MasterCard's 'priceless' ads not infringed by political broadcasts

In MasterCard International Incorporated v Nader 2000 Primary Committee Inc, the US District Court for the Southern District of New York has granted the defendant's motion for summary judgment and has dismissed the plaintiff's claim that the defendant's political broadcasts infringed its rights in marks relating to its well-known 'priceless' series of advertisements.

Since 1997, MasterCard International has promoted its credit cards through a series of advertisements that have come to be known as the 'priceless' advertisements. These advertisements feature the sequential display of a series of names and images of several goods and services purchased by individuals, with voice-overs and visual displays that convey to the viewers the price of each of these items. At the end of each 'priceless' advertisement, a phrase identifying some priceless intangible that cannot be purchased (such as "a day where all you have to do is breathe") is followed by the words or voice-over: "Priceless. There are some things money can't buy, for everything else, there's MasterCard."

In August 2000, Ralph Nader and his political committee began running an allegedly similar advertisement on television and on Nader's website that promoted the presidential candidacy of Nader in the 2000 presidential election. The political advertisement included a sequential display of a series of items showing the price of each ("grilled tenderloin for fund raiser: $1,000 a plate"; "campaign ads filled with half-truths: $10 million"; "promises to special interest groups: over $100 billion"). The advertisement ended with a phrase identifying a priceless intangible that cannot be purchased ("Finding out the truth: priceless. There are some things that money can't buy").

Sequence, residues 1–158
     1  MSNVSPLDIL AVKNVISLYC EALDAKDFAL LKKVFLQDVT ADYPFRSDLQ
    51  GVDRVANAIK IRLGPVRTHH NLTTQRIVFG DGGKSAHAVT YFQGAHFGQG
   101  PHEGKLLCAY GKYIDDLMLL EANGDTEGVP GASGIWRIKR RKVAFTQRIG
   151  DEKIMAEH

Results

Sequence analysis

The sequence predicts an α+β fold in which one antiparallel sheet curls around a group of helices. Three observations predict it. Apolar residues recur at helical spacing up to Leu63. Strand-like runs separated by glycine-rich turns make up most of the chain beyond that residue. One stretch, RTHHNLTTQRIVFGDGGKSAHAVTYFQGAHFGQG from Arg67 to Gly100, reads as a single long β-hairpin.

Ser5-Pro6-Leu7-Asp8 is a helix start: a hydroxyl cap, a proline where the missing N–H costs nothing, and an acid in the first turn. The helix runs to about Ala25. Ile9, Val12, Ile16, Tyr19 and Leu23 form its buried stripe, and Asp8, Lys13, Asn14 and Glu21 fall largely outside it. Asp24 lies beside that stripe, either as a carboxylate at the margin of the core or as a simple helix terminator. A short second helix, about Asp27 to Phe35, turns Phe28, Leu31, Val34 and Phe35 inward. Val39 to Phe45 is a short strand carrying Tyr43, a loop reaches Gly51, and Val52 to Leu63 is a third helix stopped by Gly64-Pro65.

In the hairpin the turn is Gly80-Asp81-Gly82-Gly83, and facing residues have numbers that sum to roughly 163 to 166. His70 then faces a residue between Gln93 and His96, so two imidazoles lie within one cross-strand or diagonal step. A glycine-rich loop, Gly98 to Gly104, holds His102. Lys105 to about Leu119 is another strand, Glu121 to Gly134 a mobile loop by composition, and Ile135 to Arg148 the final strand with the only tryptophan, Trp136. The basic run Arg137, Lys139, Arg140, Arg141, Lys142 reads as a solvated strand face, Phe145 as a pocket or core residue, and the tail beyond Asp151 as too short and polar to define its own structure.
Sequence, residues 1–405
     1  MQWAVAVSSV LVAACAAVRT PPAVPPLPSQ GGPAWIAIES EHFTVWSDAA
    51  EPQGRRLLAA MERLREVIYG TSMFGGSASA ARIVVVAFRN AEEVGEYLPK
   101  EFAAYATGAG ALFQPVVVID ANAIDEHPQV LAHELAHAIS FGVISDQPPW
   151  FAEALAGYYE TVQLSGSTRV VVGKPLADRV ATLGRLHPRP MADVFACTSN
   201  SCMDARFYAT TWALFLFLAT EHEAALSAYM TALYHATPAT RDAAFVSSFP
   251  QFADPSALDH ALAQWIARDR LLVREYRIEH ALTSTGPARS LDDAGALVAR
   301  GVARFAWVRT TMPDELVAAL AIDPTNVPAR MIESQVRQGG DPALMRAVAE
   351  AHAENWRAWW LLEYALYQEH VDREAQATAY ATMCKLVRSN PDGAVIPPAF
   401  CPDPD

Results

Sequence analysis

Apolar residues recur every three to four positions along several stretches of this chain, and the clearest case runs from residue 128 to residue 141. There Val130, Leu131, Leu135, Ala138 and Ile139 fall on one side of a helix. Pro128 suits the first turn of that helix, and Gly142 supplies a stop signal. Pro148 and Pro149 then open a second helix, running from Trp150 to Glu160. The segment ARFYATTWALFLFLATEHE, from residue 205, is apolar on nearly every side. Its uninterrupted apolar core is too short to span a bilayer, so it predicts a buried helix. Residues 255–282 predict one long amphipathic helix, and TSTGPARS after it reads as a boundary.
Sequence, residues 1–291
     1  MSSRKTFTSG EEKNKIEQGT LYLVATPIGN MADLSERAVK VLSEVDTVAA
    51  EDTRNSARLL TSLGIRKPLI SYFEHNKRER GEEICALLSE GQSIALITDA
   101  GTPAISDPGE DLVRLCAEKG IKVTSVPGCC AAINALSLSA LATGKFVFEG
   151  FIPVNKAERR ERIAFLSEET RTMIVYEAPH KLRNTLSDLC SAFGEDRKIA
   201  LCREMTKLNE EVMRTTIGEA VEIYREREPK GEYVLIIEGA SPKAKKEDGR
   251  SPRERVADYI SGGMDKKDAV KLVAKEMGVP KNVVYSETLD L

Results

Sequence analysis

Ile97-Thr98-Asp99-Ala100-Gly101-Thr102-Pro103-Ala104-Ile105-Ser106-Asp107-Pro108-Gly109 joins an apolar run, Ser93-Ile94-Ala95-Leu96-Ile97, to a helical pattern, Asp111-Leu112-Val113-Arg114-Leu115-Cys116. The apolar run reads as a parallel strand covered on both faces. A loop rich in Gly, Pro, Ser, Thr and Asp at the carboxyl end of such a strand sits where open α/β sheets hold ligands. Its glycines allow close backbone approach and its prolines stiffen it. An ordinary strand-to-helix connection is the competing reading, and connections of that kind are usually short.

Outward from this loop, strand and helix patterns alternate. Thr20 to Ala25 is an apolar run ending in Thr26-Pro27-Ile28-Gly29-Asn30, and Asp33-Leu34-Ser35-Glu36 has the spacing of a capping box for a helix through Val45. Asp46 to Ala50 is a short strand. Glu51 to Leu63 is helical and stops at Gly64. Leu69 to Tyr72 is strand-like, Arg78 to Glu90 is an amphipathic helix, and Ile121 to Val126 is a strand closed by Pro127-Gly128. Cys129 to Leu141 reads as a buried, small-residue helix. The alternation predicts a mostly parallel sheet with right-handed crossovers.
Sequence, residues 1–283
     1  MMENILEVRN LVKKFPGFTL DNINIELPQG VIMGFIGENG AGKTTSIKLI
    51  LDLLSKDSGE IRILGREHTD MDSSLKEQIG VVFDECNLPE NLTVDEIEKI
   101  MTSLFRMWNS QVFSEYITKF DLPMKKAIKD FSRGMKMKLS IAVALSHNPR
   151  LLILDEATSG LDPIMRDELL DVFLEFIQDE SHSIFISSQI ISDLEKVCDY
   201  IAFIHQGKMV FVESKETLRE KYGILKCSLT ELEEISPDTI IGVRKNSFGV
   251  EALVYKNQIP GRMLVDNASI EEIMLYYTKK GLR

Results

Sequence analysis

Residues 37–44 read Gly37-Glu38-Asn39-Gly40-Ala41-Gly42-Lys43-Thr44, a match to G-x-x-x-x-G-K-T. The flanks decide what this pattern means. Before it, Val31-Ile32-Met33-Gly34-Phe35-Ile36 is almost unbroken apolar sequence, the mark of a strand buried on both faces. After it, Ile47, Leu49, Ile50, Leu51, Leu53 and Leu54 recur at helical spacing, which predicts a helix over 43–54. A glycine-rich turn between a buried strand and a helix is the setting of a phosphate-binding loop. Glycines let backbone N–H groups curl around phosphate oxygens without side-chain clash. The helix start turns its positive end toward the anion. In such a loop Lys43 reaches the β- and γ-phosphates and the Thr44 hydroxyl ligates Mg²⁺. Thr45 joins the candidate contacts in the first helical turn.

MasterCard filed suit against Nader, alleging that, among other things, the political advertisement infringed and diluted MasterCard's trademarks relating to its 'priceless' advertisements. In response, Nader and his political committee moved for summary judgment for dismissal of the action.

The district court quickly disposed of MasterCard's claims. It held that there was no likelihood of confusion between MasterCard's 'priceless' advertisements and Nader's political advertisement in spite of the fact that (i) MasterCard's federally registered trademarks PRICELESS and THERE ARE SOME THINGS MONEY CAN'T BUY. FOR EVERYTHING ELSE THERE'S MASTERCARD and its 'priceless' advertisements are well-known, and (ii) Nader did not dispute that he employed the same marks in the same look, sound and commercial impression. The court relied heavily on the dissimilarity between MasterCard's credit and debit card business and Nader's political candidacy, as well as the sophistication of the target audience.

Next, the court noted that the Federal Trademark Dilution Act specifically exempts non-commercial use of a mark from its coverage. Accordingly, it dismissed MasterCard's dilution claim by finding that Nader's use of MasterCard's trademarks was exempt as it was non-commercial and political in nature.

The court also dismissed a number of copyright infringement claims.

Susan M Natland, Knobbe Martens Olson & Bear LLP, Newport Beach

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